Breaking down $29.5 million in Lake Tahoe fuels projects
September 6, 2016
INCLINE VILLAGE, Nev. — The U.S. Department of the Interior announced Aug. 31 it would set aside $29.5 million for hazardous fuel reduction to help limit wildfire risk within the Lake Tahoe Basin.
The funding was announced ahead of the 20th annual Lake Tahoe Summit, which included speeches from President Barack Obama and California Gov. Jerry Brown, among others, on the importance of preserving Lake Tahoe.
"I think what's special about this funding is that it's for a collective effort," Forest Schafer, a forester for the North Lake Tahoe Fire Protection District, said in an interview after the summit.
The money comes from the Southern Nevada Public Land Management Act, or SNPLMA, which was adopted in 1998 and outlines specific uses for the revenue from the sale of public lands.
One of those uses is the funding of environmental restoration projects, along with multi-jurisdictional hazardous fuel reduction programs within the Tahoe Basin.
The multi-jurisdictional part is key, since fire is managed by so many different agencies around Lake Tahoe.
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"We're not competing with each other for this money," Schafer said, "We're working together to figure out what the best use for this money is."
There are nine hazardous fuel reduction projects that have been approved for the $29.5 million.
The NLTFPD (serving Incline Village), U.S. Forest Service, Tahoe Resource Conservation District, Carson City Fire Department, California Tahoe Conservancy and Lake Valley Fire Protection District each have projects that have been approved.
NLTFPD's project, which will cost $973,250, includes reduction of hazardous fuels around Incline Village, as well as outreach efforts to educate on citizens on living with fire.
"Wildland fire is a part of Sierra Nevada ecosystems, and we spent years trying to figure out how to put them out," Schafer said.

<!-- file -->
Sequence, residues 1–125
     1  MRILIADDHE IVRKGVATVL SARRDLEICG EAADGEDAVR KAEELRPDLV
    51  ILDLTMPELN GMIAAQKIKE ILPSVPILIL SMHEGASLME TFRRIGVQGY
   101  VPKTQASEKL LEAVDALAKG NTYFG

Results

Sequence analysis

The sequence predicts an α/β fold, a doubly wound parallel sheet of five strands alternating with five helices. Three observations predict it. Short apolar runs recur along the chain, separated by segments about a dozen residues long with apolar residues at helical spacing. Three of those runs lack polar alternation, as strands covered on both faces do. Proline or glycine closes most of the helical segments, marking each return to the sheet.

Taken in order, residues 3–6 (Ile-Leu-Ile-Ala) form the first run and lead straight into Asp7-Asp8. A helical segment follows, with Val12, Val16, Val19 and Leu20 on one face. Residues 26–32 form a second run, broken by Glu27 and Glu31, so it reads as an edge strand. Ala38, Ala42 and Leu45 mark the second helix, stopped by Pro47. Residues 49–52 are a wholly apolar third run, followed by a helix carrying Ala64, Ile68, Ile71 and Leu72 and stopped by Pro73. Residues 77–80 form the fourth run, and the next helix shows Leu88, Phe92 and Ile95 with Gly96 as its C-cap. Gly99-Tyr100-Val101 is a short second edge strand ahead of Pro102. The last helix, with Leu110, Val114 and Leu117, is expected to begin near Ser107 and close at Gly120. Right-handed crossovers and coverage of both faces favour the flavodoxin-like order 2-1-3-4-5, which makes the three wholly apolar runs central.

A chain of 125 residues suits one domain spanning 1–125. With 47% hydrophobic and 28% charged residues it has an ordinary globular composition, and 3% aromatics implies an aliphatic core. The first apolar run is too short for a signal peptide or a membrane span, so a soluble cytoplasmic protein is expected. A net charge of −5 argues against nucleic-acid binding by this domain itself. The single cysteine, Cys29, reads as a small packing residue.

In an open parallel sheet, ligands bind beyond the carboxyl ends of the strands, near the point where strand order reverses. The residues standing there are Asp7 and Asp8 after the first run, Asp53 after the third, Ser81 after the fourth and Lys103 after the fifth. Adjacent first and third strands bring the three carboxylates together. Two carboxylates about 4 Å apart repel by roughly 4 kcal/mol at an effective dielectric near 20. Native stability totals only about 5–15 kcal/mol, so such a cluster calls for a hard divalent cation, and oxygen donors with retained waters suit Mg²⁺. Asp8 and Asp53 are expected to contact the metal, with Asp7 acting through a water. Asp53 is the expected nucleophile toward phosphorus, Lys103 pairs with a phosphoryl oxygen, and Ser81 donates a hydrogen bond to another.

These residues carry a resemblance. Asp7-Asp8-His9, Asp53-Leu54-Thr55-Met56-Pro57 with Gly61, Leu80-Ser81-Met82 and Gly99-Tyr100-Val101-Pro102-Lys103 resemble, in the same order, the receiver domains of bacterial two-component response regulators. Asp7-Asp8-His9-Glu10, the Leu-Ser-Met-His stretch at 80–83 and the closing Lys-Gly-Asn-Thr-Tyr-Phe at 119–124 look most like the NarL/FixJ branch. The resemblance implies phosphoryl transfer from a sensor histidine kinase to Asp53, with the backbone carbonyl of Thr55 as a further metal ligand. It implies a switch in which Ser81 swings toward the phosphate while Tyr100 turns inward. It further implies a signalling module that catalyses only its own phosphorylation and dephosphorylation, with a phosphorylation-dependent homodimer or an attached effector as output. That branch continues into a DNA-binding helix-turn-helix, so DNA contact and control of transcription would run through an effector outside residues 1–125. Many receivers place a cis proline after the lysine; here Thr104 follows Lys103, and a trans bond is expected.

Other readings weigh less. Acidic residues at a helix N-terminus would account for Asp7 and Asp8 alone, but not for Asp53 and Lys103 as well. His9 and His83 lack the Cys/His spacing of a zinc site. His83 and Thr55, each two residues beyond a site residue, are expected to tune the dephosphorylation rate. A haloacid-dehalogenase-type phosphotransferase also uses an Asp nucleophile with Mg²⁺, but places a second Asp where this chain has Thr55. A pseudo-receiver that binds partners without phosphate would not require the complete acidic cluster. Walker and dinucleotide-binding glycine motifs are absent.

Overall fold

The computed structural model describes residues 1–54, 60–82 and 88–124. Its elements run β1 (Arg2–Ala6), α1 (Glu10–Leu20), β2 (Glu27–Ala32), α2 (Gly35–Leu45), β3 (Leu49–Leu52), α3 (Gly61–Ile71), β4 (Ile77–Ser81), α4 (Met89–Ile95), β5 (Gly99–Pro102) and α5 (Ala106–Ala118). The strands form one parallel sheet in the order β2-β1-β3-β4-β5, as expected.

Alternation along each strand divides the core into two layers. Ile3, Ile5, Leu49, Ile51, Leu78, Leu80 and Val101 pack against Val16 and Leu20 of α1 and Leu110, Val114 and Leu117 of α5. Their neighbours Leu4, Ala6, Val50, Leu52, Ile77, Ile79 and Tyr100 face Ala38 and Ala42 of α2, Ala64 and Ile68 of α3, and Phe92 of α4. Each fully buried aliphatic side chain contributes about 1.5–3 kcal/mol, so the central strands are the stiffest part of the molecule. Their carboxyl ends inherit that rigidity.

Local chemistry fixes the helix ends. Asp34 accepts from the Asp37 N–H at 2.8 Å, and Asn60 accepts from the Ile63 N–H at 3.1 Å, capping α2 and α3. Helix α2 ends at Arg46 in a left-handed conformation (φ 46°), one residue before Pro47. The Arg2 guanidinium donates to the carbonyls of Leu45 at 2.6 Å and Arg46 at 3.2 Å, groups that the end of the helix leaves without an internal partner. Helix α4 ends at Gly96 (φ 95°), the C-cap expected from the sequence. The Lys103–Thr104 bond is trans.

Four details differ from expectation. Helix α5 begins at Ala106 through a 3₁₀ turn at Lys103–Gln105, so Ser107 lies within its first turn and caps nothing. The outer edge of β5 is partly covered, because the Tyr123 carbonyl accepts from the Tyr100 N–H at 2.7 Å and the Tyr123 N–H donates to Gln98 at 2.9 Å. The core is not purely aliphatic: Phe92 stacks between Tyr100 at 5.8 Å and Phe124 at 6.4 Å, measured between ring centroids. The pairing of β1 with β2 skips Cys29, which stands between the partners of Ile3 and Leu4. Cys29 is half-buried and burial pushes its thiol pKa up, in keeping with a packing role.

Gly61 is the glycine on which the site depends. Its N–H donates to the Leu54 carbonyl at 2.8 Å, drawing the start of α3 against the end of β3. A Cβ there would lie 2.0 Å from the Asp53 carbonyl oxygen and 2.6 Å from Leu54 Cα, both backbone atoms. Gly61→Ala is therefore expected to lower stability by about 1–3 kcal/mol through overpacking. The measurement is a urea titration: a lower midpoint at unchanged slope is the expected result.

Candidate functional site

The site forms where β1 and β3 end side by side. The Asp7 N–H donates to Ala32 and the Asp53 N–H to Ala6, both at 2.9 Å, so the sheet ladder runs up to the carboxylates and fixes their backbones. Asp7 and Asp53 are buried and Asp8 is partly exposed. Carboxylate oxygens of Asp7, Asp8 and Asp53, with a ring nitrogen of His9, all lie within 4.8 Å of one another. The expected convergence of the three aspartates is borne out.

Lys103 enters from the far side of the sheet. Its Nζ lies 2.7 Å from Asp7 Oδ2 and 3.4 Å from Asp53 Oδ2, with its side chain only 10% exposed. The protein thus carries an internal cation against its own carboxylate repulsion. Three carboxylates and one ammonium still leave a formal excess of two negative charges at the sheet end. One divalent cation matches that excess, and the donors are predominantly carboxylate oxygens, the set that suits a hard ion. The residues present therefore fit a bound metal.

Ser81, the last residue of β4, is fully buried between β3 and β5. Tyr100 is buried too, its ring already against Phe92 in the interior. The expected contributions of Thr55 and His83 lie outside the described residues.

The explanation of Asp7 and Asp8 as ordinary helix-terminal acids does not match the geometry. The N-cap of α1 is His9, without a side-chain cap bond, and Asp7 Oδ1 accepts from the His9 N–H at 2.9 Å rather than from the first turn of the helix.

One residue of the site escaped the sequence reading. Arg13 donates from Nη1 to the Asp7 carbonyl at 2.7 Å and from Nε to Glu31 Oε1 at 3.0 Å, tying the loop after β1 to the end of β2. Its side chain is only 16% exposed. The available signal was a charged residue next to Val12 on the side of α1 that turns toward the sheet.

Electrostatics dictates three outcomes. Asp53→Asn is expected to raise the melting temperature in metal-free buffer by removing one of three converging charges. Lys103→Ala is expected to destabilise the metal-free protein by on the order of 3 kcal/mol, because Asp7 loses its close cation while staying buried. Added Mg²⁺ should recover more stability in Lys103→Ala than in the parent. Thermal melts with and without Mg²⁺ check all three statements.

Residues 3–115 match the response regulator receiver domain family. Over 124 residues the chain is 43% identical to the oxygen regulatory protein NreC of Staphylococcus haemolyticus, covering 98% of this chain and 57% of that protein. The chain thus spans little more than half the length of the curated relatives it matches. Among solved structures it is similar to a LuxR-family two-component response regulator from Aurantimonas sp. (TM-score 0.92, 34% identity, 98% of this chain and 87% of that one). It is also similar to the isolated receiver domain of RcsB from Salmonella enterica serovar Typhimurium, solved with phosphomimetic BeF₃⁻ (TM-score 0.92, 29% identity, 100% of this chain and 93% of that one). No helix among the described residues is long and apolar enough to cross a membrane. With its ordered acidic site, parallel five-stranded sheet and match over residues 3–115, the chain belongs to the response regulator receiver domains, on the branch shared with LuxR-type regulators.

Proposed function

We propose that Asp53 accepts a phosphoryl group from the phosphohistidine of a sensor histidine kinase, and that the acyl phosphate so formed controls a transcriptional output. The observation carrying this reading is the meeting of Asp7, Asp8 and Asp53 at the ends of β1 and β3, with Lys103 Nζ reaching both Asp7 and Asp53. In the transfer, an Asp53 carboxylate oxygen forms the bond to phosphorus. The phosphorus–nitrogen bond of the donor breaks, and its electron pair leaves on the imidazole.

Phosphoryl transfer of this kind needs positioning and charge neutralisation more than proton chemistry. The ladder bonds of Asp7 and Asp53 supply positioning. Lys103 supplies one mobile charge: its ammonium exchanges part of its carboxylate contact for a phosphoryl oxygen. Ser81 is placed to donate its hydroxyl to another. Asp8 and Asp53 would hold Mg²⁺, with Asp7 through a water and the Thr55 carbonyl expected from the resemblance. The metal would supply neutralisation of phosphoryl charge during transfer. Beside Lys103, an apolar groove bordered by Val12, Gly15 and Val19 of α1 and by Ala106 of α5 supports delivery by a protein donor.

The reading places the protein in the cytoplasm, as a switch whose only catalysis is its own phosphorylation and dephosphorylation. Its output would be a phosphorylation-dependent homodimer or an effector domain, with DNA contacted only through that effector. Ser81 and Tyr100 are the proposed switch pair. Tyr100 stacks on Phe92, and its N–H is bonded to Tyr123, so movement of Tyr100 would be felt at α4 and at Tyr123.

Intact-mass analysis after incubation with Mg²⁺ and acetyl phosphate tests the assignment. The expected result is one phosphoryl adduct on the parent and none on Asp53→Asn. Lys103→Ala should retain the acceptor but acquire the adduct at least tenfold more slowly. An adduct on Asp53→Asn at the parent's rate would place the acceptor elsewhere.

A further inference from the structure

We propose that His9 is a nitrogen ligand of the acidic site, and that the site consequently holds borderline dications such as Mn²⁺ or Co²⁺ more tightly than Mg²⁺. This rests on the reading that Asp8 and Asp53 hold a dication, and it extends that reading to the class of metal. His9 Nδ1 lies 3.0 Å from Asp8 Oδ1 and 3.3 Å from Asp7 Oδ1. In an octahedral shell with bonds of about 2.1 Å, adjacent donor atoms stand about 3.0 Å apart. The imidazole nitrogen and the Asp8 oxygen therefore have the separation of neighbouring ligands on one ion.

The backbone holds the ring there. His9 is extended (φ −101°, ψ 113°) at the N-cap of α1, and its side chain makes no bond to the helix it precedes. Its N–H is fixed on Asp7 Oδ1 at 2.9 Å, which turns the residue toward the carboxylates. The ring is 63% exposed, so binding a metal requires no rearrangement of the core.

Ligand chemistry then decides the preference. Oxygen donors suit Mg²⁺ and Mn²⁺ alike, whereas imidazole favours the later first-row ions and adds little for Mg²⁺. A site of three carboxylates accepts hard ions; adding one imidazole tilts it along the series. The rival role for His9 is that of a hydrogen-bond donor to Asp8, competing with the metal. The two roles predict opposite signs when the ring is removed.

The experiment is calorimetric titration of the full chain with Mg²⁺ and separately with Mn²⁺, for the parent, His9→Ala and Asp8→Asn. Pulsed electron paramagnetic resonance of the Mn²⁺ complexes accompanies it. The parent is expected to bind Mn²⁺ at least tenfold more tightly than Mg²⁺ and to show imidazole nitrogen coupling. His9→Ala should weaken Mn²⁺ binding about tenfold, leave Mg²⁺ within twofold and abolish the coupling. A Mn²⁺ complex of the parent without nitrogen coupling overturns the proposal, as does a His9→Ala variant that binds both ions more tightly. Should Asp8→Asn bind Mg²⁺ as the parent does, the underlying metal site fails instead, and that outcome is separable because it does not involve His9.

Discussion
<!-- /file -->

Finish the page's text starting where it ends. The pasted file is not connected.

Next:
"By suppressing those fires we have had a huge impact on our forested ecosystem," he said, adding that the projects to remove things like dead trees mimic the role that fire played previously.
In another project, the Forest Service will remove hazardous fuel around Carnelian Bay, Incline Village and areas along the South Shore. This project, which will cover 6,300 acres of federal land, will receive $10.3 million.
TRCD's project to increase wildfire preparedness, through creating a network of "Fire Adapted Communities," will receive $5.8 million for outreach programs.
"Rather than focusing on controlling fires when they happen, this funding helps adapt communities and the ecosystem around us to better live with wildfire," Schafer said.
The Conservancy's project to remove hazardous fuels on up to 1,800 acres in Placer and El Dorado counties will receive $6.8 million.
And in another project, the CTC and Forest Service were approved $7.1 million for a joint environmental analysis to ultimately restore 80,000 acres on the California side of the Tahoe Basin.
Additional projects include fuel reduction efforts on the South Shore and environmental analysis reports of sections of the Humboldt-Toiyabe National Forest to aid future hazardous fuel reduction efforts.